The success of horizontal linkages between producers, processors, and others depends on a range of conditions that include buyers who demand greater quantity and better-quality product than individuals are able to produce and members who have a similar business orientation, knowledge and resources as well as good working relationships with and trust in one another. While practitioners can build on social capital as a means to develop other linkages, the approach does not come without costs or bring automatic results; only long-term investment that takes relevant factors into account can ensure success. How group meetings are run and the use of explicit contractual obligations, rules and sanctions that can generate and reinforce trust and common understanding and reduce cheating and corruption also matter. In addition, programs that work with poor and other disenfranchised peoples need to choose convenient times and locations for meetings; keep member contributions of time, cash and other resources affordable; and deliver benefits that members and their families value. Benefits may be tangible – livestock assets or education – or intangible such as increased confidence in the ability to interact with outsiders. This interaction of social capital with formal measures to empower individuals suggests that formal and informal institutions complement one another. Very high levels of social capital, however, may hurt competitiveness. This can occur when extensive obligations to the community divert time, energy or money away from an MSE owner’s business; resources that could be better spent on upgrading or certifying the business or on building stronger vertical relationships.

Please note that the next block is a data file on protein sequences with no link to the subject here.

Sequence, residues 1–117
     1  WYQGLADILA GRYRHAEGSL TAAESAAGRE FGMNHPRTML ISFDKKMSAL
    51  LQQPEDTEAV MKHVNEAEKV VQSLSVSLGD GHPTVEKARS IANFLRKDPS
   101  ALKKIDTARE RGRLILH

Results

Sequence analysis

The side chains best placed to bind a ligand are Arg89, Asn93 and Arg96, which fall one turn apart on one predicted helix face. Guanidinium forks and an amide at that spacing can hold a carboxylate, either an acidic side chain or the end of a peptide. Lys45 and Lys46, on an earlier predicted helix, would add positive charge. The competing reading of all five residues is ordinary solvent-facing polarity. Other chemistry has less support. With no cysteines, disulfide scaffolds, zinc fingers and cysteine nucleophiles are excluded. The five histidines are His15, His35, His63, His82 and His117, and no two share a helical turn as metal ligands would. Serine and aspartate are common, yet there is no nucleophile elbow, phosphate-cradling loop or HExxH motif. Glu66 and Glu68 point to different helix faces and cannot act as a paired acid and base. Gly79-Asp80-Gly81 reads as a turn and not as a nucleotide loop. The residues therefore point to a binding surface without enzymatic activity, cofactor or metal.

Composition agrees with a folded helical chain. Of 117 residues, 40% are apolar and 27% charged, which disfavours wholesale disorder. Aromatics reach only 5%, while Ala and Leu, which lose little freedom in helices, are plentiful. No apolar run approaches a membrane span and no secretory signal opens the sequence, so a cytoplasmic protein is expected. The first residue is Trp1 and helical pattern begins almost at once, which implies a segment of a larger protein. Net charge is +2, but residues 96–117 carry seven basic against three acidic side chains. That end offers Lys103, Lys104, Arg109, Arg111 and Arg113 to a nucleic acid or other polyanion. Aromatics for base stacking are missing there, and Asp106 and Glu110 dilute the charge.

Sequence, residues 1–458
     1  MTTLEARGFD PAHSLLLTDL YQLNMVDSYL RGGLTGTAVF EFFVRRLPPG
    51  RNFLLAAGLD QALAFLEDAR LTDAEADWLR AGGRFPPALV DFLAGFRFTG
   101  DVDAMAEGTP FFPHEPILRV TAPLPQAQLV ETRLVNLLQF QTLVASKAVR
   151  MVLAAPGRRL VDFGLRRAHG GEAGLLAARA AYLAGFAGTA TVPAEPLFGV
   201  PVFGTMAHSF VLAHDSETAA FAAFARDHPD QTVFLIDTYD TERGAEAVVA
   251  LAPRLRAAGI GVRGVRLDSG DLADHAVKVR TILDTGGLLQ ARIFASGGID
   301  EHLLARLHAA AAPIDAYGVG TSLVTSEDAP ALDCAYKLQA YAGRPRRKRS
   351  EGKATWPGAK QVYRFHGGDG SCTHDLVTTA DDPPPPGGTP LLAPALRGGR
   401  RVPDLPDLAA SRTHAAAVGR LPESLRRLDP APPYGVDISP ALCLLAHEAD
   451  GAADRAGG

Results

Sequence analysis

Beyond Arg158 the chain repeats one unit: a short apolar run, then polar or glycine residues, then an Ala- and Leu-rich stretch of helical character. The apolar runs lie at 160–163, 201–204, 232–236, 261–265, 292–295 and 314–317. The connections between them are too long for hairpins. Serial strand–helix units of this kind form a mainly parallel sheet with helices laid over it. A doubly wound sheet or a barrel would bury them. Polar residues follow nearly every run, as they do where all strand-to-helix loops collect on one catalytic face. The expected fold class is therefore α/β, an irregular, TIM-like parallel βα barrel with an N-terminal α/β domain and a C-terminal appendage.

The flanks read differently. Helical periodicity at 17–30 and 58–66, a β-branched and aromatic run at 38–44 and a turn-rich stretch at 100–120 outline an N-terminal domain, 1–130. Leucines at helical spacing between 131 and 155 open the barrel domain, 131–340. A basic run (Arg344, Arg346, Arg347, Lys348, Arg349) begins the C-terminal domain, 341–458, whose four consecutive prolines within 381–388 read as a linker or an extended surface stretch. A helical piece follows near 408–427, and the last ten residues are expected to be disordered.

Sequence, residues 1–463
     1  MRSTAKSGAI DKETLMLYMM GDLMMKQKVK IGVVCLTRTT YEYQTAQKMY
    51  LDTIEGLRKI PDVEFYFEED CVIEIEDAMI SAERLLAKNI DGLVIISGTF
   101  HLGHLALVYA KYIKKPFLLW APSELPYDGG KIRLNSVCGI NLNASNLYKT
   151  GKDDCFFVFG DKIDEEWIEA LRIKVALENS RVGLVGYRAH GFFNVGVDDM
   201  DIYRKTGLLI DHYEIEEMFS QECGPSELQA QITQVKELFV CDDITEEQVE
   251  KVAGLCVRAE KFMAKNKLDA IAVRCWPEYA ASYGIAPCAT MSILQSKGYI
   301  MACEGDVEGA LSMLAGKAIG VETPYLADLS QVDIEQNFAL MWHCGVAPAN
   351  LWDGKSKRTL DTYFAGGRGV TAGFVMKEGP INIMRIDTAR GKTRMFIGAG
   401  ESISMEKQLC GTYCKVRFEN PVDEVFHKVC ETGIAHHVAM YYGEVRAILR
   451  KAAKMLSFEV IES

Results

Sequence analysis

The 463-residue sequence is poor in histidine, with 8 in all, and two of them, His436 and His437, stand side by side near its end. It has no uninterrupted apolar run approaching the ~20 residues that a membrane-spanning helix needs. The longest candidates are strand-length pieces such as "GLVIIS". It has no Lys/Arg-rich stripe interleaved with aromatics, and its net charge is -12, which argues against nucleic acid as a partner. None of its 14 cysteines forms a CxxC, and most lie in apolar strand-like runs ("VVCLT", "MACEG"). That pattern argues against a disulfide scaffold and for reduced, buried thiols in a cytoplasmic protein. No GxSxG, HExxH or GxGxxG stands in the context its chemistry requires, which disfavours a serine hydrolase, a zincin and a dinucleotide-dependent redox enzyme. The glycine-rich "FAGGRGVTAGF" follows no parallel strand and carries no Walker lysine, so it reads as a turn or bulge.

USAID recommends good practices for facilitating the formation of producer groups, including a thorough analysis of the value chain, the markets and the local culture; a careful weighing of the costs and benefits of meeting market requirements for the product; and facilitating linkages based on win-win economic relationships. Specific examples of good practice follow:
Participation in value chains does not necessarily translate into increased benefits for MSEs—producers must also be able to access higher-value markets and more profitable functions within the chains. In many cases, upgrading is key to profitable and sustainable MSE participation and horizontal linkages can provide opportunities for upgrading through collective learning, cost and risk sharing, enhanced management capacity and better access to support services. The following examples from the field reveal some lessons learned about developing strong horizontal linkages and the types of benefits that can result.